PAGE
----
Merck & Company, Inc.: Having the Vision to Succeed
by Stephanie Weiss and David Bollier
An Expensive Care for a Poor Market
In 1978, Dr. P. Roy Vagelos, then head of the Merck research labs, received a provocative memorandum from a senior researcher in parasitology, Dr. William C. Campbell. Dr. Campbell had made an intriguing observation while working with ivennectin, a new antiparasitic compound under investigation for use in animals.
Campbell thought that ivennectin might be the answer to a disease called river blindness that plagued millions in the Third World. But to find out if Campbell's hypothesis had merit, Merck would have to spend millions of dollars to develop the right formulation for human use and to conduct the field trials in the most remote parts of the world. Even if these efforts produced an effective and safe drug, virtually none of those afflicted with river blindness could afford to buy it. Vagelos, originally a university researcher but by then a Merck executive, had to decide whether to invest in research for a drug that, even if successful, might never pay for itself.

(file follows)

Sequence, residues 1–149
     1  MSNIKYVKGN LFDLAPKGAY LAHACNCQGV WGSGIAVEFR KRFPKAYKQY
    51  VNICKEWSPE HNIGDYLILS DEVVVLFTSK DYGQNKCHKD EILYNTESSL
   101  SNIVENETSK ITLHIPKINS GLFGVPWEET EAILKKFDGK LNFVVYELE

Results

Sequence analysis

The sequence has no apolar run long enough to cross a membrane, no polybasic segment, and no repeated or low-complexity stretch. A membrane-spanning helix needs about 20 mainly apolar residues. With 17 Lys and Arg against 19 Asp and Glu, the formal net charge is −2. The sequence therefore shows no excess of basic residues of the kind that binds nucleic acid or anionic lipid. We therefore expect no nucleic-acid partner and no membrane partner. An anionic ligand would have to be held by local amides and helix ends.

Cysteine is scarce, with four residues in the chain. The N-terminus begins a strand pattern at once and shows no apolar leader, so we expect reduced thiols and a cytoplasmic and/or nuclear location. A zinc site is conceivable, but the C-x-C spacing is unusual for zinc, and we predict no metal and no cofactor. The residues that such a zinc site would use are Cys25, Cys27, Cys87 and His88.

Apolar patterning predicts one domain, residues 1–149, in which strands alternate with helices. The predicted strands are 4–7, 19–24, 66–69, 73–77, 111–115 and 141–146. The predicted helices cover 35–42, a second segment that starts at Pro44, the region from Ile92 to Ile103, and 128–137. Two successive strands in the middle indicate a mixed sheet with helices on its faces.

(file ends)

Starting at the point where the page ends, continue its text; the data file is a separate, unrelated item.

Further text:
River blindness, formally known as onchocerciasis, was a disease labeled by the World Health Organization (WHO) as a public health and socioeconomic problem of considerable magnitude in over 35 developing countries throughout the Third World. Some 85 million people in thousands of tiny settlements throughout Africa and parts of the Middle East and Latin America were thought to be at risk. The cause: a parasitic worm carried by a tiny black fly that bred along fast-moving rivers. When the flies bit humans — a single person could be bitten thousands of times a day — the larvae of a parasitic worm, Onchocerca volvulus, entered the body.
These worms grew to more than two feet in length, causing grotesque but relatively innocuous nodules in the skin. The real harm began when the adult worms reproduced,...